This suggests a tipping point may have been reached, one which could potentially have triggered an oil crash independent of covid-19 and the Saudi-Russian oil wars, as markets adjust to the new paradigm.
Covid-19, meanwhile, has brought the ballooning industry risk into stark relief, sending oil prices into negative territory and testing the world’s storage capacity to the limit. Most importantly, it proved the industry is broadly unprofitable (without and despite its massive subsidies) in both good and bad times.
In 2019, the MSCI World Index was up almost 24% in US-dollar terms, while the MSCI World Energy Index returned just more than 12% and has underperformed its wider global equity equivalent in four of the last five years.
Low returns, rising volatility and intensifying competition, make the industry increasingly unappealing.
Covid-19 also brought to the forefront the spectre of reduced petrol consumption through work-from-home shifts; potential carbon infrastructure restructuring related to 4IR; reduced consumer demand for tourism, particularly international tourism; a sharp reduction in corporate travel; and reinforced the push for global onshoring and optimisation of supply chains.
Citi in its Global Economics Review, says research on past pandemics reveals a legacy of persistent negative effects on economic growth – one that lasts for several years reducing energy demands. The analysts also perceived intensified deglobalisation to be the biggest structural risk to the global economic outlook.
None of this bodes well for fossil fuels.
Investors in energy equities are being advised to carefully balance their interests between renewables and fossil fuels and ensure that the fossil fuel companies they invest in are “best in class” from an ESG perspective.
This is because, with the exception of regulation, it is the flow of ESG funds into energy companies that will likely save them from early collapse and protect them against growing volatility in the sector.
High dividend yields of 5%-plus are no longer sufficient to provide a buffer against volatility that can trigger permanent losses in excess of -30%, and the associated asset impairment, storage costs and redundancy.
In Britain for example, 37% of electricity production now comes from renewables.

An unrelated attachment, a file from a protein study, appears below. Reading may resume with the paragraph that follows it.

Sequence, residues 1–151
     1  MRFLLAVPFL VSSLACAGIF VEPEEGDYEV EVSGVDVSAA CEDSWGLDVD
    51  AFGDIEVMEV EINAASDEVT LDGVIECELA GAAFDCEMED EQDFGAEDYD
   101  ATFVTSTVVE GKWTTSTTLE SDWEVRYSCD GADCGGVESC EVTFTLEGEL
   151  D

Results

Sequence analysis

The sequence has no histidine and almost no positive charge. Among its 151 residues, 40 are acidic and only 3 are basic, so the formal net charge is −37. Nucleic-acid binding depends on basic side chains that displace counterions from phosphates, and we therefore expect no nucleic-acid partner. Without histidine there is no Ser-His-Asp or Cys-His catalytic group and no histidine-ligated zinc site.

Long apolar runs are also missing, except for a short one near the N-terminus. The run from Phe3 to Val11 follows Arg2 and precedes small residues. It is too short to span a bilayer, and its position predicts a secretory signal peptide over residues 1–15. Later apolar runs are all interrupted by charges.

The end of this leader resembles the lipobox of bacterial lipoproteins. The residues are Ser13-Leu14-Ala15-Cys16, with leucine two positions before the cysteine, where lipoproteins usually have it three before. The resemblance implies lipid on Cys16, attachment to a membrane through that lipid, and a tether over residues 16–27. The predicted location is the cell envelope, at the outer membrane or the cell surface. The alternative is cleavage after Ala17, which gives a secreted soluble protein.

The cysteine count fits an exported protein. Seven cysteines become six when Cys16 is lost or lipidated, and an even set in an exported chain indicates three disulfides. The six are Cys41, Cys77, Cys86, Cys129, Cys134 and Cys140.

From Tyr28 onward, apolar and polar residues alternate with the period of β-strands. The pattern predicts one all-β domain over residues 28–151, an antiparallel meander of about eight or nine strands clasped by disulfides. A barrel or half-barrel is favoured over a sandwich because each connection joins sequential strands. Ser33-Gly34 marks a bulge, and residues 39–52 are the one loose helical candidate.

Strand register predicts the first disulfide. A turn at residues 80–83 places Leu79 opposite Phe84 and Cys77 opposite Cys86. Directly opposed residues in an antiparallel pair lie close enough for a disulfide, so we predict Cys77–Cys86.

Investors there are experiencing painful losses in high-yield and private-debt holdings linked to fossil fuel investments. This experience is being repeated around the world.
We will examine the high-yield fixed income market in a separate article.
All of this suggests that we may have witnessed, or be approaching, peak oil. However, the fourth industrial revolution is yet to be rolled out. It will require investment and energy. But if the world is to main on-track with the Paris Agreement climate goals, emissions must fall one way or another.
Risk profile for fossil fuels
Fossil fuels face four main climate change related risks.
- Regulatory action
- Reduced fossil fuel subsidies and market competition.
- Sociopolitical stigmatisation
- Transition risk
Regulatory action: Governments directly or indirectly drive more than 70% of global energy investments, according to the IEA, so government policy has a huge impact.
The world’s governments have made their intentions clear, committing to the Paris Agreement every year since 2009, and that commitment is intensifying. Expect more regulation.
Subsidies: The industry’s lifeblood – subsidies – is being withdrawn. The relatively conservative IEA’s executive director Dr Fatih Birol, traditionally not a strong supporter of the Paris Agreement, came out punching in favour of renewables after the coronavirus crash.
We must “put clean energy at the heart of stimulus plans to counter the coronavirus”, he said in March, and urged governments to lower or remove subsidies for fossil fuel consumption.
Market competition: Any reduction in subsidies will have a massive implication for fossil fuels, especially given many renewables no longer need subsidies. Global upstream oil and gas investment is expected to fall by one third of 2019 levels for the foreseeable future to reflect this. Meanwhile, the cost of solar energy, for example, is falling at a rate of -10% to -20% a year. FNArena will examine this state of affairs in articles on oil, gas and renewables.
Sociopolitical stigmatisation: ESG investors are directing capital away from the worst climate offenders and “inequality” offenders towards competitors, as they seek to protect their portfolios from climate-change risk.
Transition risk: Transition to renewables is risky: for fossil fuel companies, investors and society. This means governments are unlikely to force the fossil fuel companies to go cold turkey on subsidies. As upstream investment subsides, any failure of renewables to fill the breach is likely to result in rude shocks to the system.